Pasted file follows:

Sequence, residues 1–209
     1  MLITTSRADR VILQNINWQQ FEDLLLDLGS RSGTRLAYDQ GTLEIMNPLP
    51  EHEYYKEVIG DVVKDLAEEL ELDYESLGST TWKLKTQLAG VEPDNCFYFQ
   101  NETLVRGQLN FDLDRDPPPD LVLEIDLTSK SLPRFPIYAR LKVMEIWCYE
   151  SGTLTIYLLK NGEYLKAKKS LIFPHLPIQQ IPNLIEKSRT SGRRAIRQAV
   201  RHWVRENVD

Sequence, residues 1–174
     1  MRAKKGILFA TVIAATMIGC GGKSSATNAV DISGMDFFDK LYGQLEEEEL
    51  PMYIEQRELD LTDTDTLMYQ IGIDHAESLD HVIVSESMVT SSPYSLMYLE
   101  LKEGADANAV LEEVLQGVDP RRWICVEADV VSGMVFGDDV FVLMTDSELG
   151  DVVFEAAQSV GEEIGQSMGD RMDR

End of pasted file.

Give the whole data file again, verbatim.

Sequence, residues 1–209
     1  MLITTSRADR VILQNINWQQ FEDLLLDLGS RSGTRLAYDQ GTLEIMNPLP
    51  EHEYYKEVIG DVVKDLAEEL ELDYESLGST TWKLKTQLAG VEPDNCFYFQ
   101  NETLVRGQLN FDLDRDPPPD LVLEIDLTSK SLPRFPIYAR LKVMEIWCYE
   151  SGTLTIYLLK NGEYLKAKKS LIFPHLPIQQ IPNLIEKSRT SGRRAIRQAV
   201  RHWVRENVD

Sequence, residues 1–174
     1  MRAKKGILFA TVIAATMIGC GGKSSATNAV DISGMDFFDK LYGQLEEEEL
    51  PMYIEQRELD LTDTDTLMYQ IGIDHAESLD HVIVSESMVT SSPYSLMYLE
   101  LKEGADANAV LEEVLQGVDP RRWICVEADV VSGMVFGDDV FVLMTDSELG
   151  DVVFEAAQSV GEEIGQSMGD RMDR